Other Articles Clipping from Baltimore Sun, Sun, Mar 6, 1904.

Clipped from US, Maryland, Baltimore, Baltimore Sun, March 6, 1904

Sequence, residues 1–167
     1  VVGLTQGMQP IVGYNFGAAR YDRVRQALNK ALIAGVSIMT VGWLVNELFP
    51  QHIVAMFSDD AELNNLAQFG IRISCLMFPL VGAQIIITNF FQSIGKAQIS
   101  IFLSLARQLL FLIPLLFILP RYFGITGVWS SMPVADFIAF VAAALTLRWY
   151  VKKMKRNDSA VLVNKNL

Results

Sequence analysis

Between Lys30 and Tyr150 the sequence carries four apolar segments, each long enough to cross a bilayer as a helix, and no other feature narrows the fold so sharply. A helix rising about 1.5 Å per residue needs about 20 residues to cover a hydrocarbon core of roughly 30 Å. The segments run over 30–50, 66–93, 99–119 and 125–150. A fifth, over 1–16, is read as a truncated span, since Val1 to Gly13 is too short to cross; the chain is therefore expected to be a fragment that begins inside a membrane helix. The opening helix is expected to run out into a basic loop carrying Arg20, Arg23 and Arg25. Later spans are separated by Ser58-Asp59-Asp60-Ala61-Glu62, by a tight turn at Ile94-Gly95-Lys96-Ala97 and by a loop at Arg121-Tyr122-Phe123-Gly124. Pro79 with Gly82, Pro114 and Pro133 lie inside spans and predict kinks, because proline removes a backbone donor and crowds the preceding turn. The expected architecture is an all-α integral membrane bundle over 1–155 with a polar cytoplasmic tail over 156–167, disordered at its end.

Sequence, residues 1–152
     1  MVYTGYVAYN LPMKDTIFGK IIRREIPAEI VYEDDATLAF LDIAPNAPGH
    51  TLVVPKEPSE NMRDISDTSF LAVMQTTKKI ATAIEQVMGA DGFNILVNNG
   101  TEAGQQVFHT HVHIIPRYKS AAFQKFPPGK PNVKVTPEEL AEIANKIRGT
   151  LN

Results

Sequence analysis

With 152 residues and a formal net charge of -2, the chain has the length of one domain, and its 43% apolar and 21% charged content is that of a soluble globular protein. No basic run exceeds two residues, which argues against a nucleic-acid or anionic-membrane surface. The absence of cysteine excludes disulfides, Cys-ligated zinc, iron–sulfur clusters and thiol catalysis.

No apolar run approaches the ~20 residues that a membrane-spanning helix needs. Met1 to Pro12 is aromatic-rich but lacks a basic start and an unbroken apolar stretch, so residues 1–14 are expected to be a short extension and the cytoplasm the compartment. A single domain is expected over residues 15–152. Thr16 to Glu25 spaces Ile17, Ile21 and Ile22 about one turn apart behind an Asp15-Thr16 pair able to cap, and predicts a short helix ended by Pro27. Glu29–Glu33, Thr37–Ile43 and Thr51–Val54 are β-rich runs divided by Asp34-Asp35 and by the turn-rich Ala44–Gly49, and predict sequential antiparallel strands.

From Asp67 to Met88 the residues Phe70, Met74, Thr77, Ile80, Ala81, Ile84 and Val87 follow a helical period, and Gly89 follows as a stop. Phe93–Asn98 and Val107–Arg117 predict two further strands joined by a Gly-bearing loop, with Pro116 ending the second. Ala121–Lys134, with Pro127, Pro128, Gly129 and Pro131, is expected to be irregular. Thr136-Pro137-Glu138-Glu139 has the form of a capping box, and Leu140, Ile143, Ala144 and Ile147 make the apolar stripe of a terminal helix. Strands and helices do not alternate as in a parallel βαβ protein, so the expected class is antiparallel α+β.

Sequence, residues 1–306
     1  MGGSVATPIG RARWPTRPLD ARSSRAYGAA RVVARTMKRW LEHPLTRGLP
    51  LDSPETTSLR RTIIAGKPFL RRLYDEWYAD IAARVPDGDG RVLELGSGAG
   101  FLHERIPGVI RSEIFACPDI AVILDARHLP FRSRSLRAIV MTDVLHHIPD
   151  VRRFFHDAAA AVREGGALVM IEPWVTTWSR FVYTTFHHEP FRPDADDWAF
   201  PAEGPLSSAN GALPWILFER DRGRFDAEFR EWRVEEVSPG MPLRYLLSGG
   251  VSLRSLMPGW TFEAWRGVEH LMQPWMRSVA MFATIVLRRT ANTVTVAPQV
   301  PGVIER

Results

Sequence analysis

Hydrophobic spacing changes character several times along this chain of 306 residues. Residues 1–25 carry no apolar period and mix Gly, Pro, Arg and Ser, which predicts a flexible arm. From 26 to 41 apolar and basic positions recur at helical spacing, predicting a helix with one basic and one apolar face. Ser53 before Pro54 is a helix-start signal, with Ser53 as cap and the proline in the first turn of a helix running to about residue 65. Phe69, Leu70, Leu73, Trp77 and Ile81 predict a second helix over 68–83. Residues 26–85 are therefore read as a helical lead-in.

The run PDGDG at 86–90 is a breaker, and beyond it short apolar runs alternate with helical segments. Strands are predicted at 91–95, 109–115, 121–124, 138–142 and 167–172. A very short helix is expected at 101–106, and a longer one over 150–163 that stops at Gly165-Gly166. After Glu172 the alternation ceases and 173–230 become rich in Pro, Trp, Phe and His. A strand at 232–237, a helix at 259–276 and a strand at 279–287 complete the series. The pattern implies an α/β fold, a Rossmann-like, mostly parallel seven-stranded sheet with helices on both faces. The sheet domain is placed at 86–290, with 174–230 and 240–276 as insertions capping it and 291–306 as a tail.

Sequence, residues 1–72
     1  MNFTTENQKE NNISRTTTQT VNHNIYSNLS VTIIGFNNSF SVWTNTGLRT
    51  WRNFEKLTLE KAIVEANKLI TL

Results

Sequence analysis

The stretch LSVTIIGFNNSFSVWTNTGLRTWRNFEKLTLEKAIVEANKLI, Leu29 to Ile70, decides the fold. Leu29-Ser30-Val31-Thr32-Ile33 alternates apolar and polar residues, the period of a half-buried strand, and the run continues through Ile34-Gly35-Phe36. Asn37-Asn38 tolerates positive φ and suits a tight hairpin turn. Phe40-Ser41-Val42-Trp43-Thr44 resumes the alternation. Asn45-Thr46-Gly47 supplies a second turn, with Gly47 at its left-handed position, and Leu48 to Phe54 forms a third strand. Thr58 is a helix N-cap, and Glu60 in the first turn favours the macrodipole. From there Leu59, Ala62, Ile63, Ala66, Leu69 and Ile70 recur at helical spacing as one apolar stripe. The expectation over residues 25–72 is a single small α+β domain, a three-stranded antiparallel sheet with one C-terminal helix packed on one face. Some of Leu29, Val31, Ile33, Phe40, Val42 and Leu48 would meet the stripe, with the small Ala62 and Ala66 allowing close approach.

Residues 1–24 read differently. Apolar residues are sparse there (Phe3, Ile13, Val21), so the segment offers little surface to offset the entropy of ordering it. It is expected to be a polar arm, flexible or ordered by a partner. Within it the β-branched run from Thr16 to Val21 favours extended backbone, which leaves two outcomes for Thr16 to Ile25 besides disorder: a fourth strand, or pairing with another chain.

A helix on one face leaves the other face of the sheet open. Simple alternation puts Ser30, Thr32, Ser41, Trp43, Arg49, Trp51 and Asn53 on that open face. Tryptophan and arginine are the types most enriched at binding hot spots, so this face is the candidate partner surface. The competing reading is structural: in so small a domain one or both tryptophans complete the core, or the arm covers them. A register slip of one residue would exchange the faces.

SIDE-LIGHTSON MARYLAND HISTORY — TWR TRANSPORTED SETTLERS.Interesting Sketch Of The Noted Van Suerln^en Family, With Picture Of Ita Coat Of Arina.(OBnrrlghted Ilt;KH. b.r neater !.re* RlcbanUon.)* no uncomfortable condition of affairs in England at the tlmo of the settlement of Maryland made men of fine feeling and true worth anxiou* to leave It at any colt,Many of theae having utterly Impoverished themselves In the cause of religion or in the* Her vice of the King readily embraced the condition* of plantation* offered by Ceceltua Calvert.Hence many a m in 'who had no means of paving his passage over—« matter of £2u sterling—let another transport lilrn for their mutual benefit.Hut this simple word ‘'transported.which represented only a financial accommodation between man and man In Colonial days, ha* In the eyes of many of their descendants Crown Into a bar sinister of the deepest dye. The mere mention of the word seems to give them a sinking sensation, the feeling that their social underpinning is being ruthlessly pulled from beneath their feet. To such persons that a father “transported’ his own son or daughter even implies a lowering of their social statu*.If for a parent to pay the passage of his children to this country In Colonial days w«is a disgrace to be visited upon his de-s. ndanis to the eighth and ninth generation, why is It not equally disgraceful for the twentieth-century American father to •'transport ’ his sons or daughters to Europe each summer? Recent investigations have brought to light the names of many of thefkassengers who came on the Ark. Great as he interest would be, if published, there ar« some person* who would le aghast to be. in that “Lady Anne Wlniour/ Dr. Thomas Garrard and others had paid thepassage of many of these men who came “to plant and inhabit, as did those to whom Thomas Copley made the voyagepcps.bleU was purely a business arrangement. The person who advanced the passage money received a goodly number of acres for each settler, while the latter himself was given a snug little farm of oil acres to ■tart hi* fortune.Even those who entered Into an Indenture for a term of four years to p r or.n some aapvice as clerk, teacher or to assist In cultivating the plantations. lo.st no social cast«‘ even in the province.Those who have jumped to the conclusion that because a man is recorded as having been transported' he therefore belonged to the lower si rata ui society have not loosed very deeply into the peculiar social conditions in the province. How would guch an one account for the fact tlutt man} bo transported and some even designated as 'servants within a few years were Bitting in the Council nr in the Assembly, ami had perhaps married the daughter* of other Councilors or associates of bis Lord-ITlds was an •English settlement, and, a* wv well know, a Palatinate a little kingdom with an English Ln* as sovereign. 80-When. In the history of England,one lt;»f the peasant class at the end of his indenture to a tradesman sit in the House of Lords or with the King's Privy Council?When was the underling ever given the command of the ml 11 buy forces of the Sovereign?There seems, then, only one logical explanation of tin* conditions which existed in the early fwttb'ment of Maryland, when men “transported’* and Indentured. after fulfilling UfeSir service* In very many instances. qufokly appeared h« high dignitaries in the legislative halls and on the field—and it is this: Social caste was so immutably fixed, so absolutely' stationary, that an English gentleman could be trans-Brted—could turn hia hand to earning hi* ing—and still bo an English gentleman!King Alfred played the cook at the old dame'* bidding under the spur of necessity; that he turned the cakes into the fire was from lack of experience, for ho was still King Alfred. 80 with the young men who cr.me to Maryland under the stress of circumstances, in subordinate positions. All who rose to place* of honor In the Province can no doubt be traced to honorable 1 n-eago in England, as have many already.The very fact that well-born young men dared to accept subordinate position* in an hour of financial embarrassment, such aa then prevailed In England, proclaims the Province of Maryland a settlement of most superior gentlemen, since. Instead of trying to keep such men down, history shows those high in authority shoring the honor* with them. Evidently there were as few cads a* there were convicts in royal old Maryland—none in the beginning certainly!It appears that more pre-eminently here than at any known place llw* gold was but the guinea’* stamp and the man the man for s’ that.The spirit that prevailed In Colonial Maryland must have lcen the forerunner of that of the pioneer Western day*, when young fellows of tender rearing would turn In and work a* hard as the man brought up to manual labor; but the leadership was to the fittest, and In a few years they were the cattle king*, and the man \yith the boo was still digging.The Van Sweringen Family.Gerret Van Sweringen, one of the most Interesting figures in the Colonial period, came into Maryland from New Amstei, Del., after the surrender of that city to the British In lOtH. Born of noble family in Reonst-ncrdam, Holland, tn the year KWH. we soon find him an active and important factor in the stirring time* sad events with the seating of the Dutch and Swede* on Die Delaware.The Dutch West India Company sold out Its In ten st to the city of S m* terdt mwhereupon a ship called the Prince Maurice was made re idy to go to New Amstei and take possession. Young Gerret Van Sweringen was appointed to the responsible post of supercargo The vessel, we are told, tailed out of the Texel a few days before Christmas in the year 1656 with supplies and defense for the colonists. Arriving off Fire Island on March 8. Ki57, when en routo to New Amsterdam, where they wished to touch, the good ship Maurice stranded neir the southern coast of I-ong Island.The passenger* and crew escaped in the small lifeboat and reached the barren shore bif fro sen. It Is said they remained without fire for several day*, but this seem* incredible* for sensible people, who saved, no doubt, their firebox along with most of their cargo. Finally some friendly lndiins took k message to Governor Stuyvesant at Kcw Amsterdam, who soon after arrived in s sloop and conveyed the party lt;0 what IsK»w the great metropolis, then a straggling ntoh settlement. A* the ship went toKeces It was necessary for Gerret Van veringen to charter one at New Amsterdam In which they continued their voyage to the Delaware, where the Dutch had re-«allied Fort Cast ml r. which had been cap-3red and named by the Bwedes, New Ani-gtel but which is now the city of NewIn writing of the state oft affairs at that time Gerret state* that the Dutch West India Company was bo Indebted to the city of Amsterdam a* to the setting out of a man of warr in reducing the South river lt;meaning tbe Delaware) Into thelre possession againe they were resolved to make sale of their said titleSnto the said city. In fine, he continue* je ditty of Amsterdam were made lord* gnd patrons of that colony. • • • A ship-called the Prince Maurice was provided |0 give to the said colony, a governor andIdum41 appointed and a company of •oiler* consisting of about alxty men put aboard, and 1 myselfe was made supracar-goe over tbe said ship and goods. • • • The pSLSsenger* coming into Delaware In * ship called the Beaver hired at New£ork after the ship Prince Maurice was s«. This was the 25th day of April, 1657, when w e took possession of the fort now tailed New Castle, and the soldier* of theWest India Company quilted the same. Here Genet, the young adventurer, wastho ysar following made second counselor, liter having filled the post of clerk andCmmtssary, from which offices he sought be released.Id this same year he man led at New Cas-gi Barbara de Barrette, who was born Valenciennes, France. Some month*ter ho sailed with hi* bride 011 a diplomatic mission to Holland, and upon hia return resumed his official duties We would never ha vs known anything of this force-Hollander had not the Britishfort and country was brought under si mission by 81r Robert Carr, as deputed w two ehtpp* to that intent Sir Robert G did proteat often to me that b© did. 1 come as an enemy, but aa a friend, demm Ing onely In friendship what was ye Kin right in that country. There was taV from the city and Inhabitants thereaboi 100 sheep. £0 or 40 horses, 50 or 60 00 and oxon, the number of 60 or 70 negn • • * and the estate of the Governor a myself, except some house stuff© and negro. I gott away and some other mo’ blea Sir Robert Carr did permit me to seiIt Is a family tradition that when colony surrendered to tho British Ger publicly broke hia sword across bis kn and. throwing It to the right and left, nounced all allegiance to the Dutch auth itles Certain It is that he sought oltiz* ship in Maryland on the principle. pr« abiy. that If he was to be under Engl ruk* he would live umong English peopbIn the year 166!) Gerret Van 8veering with hi* wife and three children, were n 11 rail zed by act of Assembly, after wh he was entitled to become a landholder tho province.Indeed, If the Rent Roll* of Bt. Mar be correct. Van Sweringen * Point * surveyed for him two years prior to n« t iirallxM BonIt 1* evident that lie built himself a v« commodious residence, a* the Council r there for many years and in hi* will G ret mentions the council roorn and the c fee house. On the 2oth of August. 1681. doubt because of the heat indoor*, hi* Lo ship adjourned the Council to the arbor Van Bwerlngen's.IN bet her 11 es© men of responsibility w tempted by the cool breese* from thepol the scent of the ms** upfiung from Fi Van Sweringen* garden, or by visions be idy steins In the vine-covered arbor I tory siyeth not.On May 4. KIWI. Gerret was appointed II! Sheriff of Nt. Mary's county.At a Council held at Mstapony Sewall the 12th of Mjy, UM. Gerret Van Swerir made oath to hia deposition In relation the seating of Delaware bay and river the southward of Hie fortieth degree latitude by tbe Dutch and Swede*.In the year 1 bHi he and three others w constituted a special court to try a ves accused of transgressing his Majesty * la of shipping and navigation. In the proc mation of the charter of the city of Mary’s issued by Lori Baltimore Gar was made an alderman of the capital.Barbara, the first wife of Gerrett Vcial lines, we have reason to believe, were not relaxed because of freedom of conscience. All men were not declared free and equal.Don SuicartuoetLft* i*9«ful young HOJianasr uaa not uie British 4ftsr taking New Amsterdam sent Sir Robert f*-r* to demand the surrender of NewAmstsl Of tbs svsnt Gfrrst wTheSweringen, died in the year 1670. Six ye* later he married Marv Smith, of St. Mary He died at the age of 62. after as varied an lt;perlenvc as not often falls to the lot of mi He left eight children, three of whom wlt; by the first wife. Barbaro de Barrette. 8lt; I eral of the daughters of Gerret Van Swer gen married men of ihe highest social a ' official position, transmitting through soi of our British Mar viand families the bio of this doughty Dutchman, whom all are proud to claim as a forebear.* Thomas the Second, son of Gerret v ! Sweringen. anglicized hi* name by droppi the Van and qddlr.g an a in writing hii self Thomas Swearingen. He was born Bt. Mary's county, but removed to Some set. where he patented land and made 1 hi me. He died in the year 1710, leavl: four sons.Thomas, the eldest of these, born In 801 ersett, married Lydia Riley. Tn middle 1! they removed to Virginia, where Thom Sweringen owned large tracts of land.Both be and his father perpetuated t original patronymic by naming each a a ; Van. The first to bear this Chrlsti name was one of the Somerset brant He married his cousin and removed to V ginla where he became deputy llcutena of Berkely county prior to the Revolutlo ary War. with the title of Kings deput from which he became known as !lt;!' Van. He enjoyed the personal friends! and confidence of Thomas JefTerson, Pi lick Henry, Governor Harrison and George Washington, letters from all these men being still in the possession “King Van’s descendants.His son Joalah. who was born near She herdstow-n. W. Va.. married a descend! of the Duke of Hamilton.JosepVi was a captain under Lord De more during Lewi** expedition to the Pic away plains of Ohio.Maryland “Van Swearingen, born Somersett county in the year I«i2. marri Elizabeth Walker. He removed to Was ington county. Maryland, and took up large tract of land. After building ! home and feeling securely settled, it w found that the land had been previous patented as Ringgold's Manor to anoth€ Not to lose hi* Investment, he leased t! land for 80 year*. He lived to be 100 yea old and lived in three centuries.One of his daughters married Thom One sap. His son. Samuel Sweringen. st tied at Frederick and left a large famil This line Intermarried with the Bonds.*Cr saps, Stulls, Wilsons. Grahams. Beal] Richards, Lncklands and other promine Maryland families.A si l iking Incident in the history of 01 branch of their family distinguished f it* military services during the Colonl and Revolutionary period was the captu of two Swearingen boys by the Shawn Indians.As the story goes, Marmaduke Sweari gen, a youth of about 17 years, who w. out In the wood* hunting wMh his young btother, was captured. Having a hoy's r mantle Interest In the roving life of tl red men. Duke begged that his broth be sent home and he would become one the tribe. From the blue blouse he wo ho was named Blue Jacket. and 11 vi with the tribe on the Scioto river. He b came such a good Indian that at the a* of 35 he was chosen chief and sat in tl councils. Van, the elder brother of Ma maduke. or Blue Jacket, was born ne; HAgerstown, Md. He married 8usann£ Greathouse Like so many of his kinsme he became a distinguished fighter in tl Indian and Revolutionary War*. He hi many descendants in the Far South.Joseph Van 8wearingen, who lived nej Frederick, Md., married Ruth Davis, of tl same county. He became a general ar had charge of the Commissary Depar ment In the War of 1R12 Among the mar distinguished men who were descendan of Gerret Van Swearingen, Colonial offlci. of Maryland, were Colonel James 8trolt;! Swearingen, Colonel King Van Bwearii gen. Brigadi-r-General of Militia Bamu Swearingen; Burgeon Ell Hwearingen, of t! Continental Army; Captain Van Swearii gen, of the Revolutionary Army; Lieu John Swearingen, of Washington count; Georgia, and others too numerous to raei tlon. Among the best-known Maryland d* scendants are Mr. George H. Shafer, 1 Annapolis; Mr. Charles b. Tiernan, Mr Jervis Spencer. Mrs. Theodore G. Lurma Miss Mary Tilghman, Mrs. Christophi Johnston. Mrs. John R, Tait, Miss Dorot! Talt, Mrs. Samuel W. Tlolladay. Mrs. Joh Mulltn. Mrs. Charles Lyon Rogers, Mr Owen Norris and Mrs. George E. WhitneReaders' Letter Box.[Contributors to the Letter Box it dorse their letters with proper nai address for good faith. Readers will send questions or answers to the Box, as persons will not be put Ir communication. Write only on one the paper.—Editor.)Messrs. Editors: I, with other*, wouilike to know what Mrs. Richardson chargi to w rite up a family for Side-Lights.MAMBITIOUS.[To Ambitious ’ and Others: Mrs. Riel ardson charges nothing to write of family for Side-Lights.* M The question ridiculous. The makers of Maryland hi tory are being written Of under **8tdlt;Li*!;:*” The prcsfint-dar GetetBdant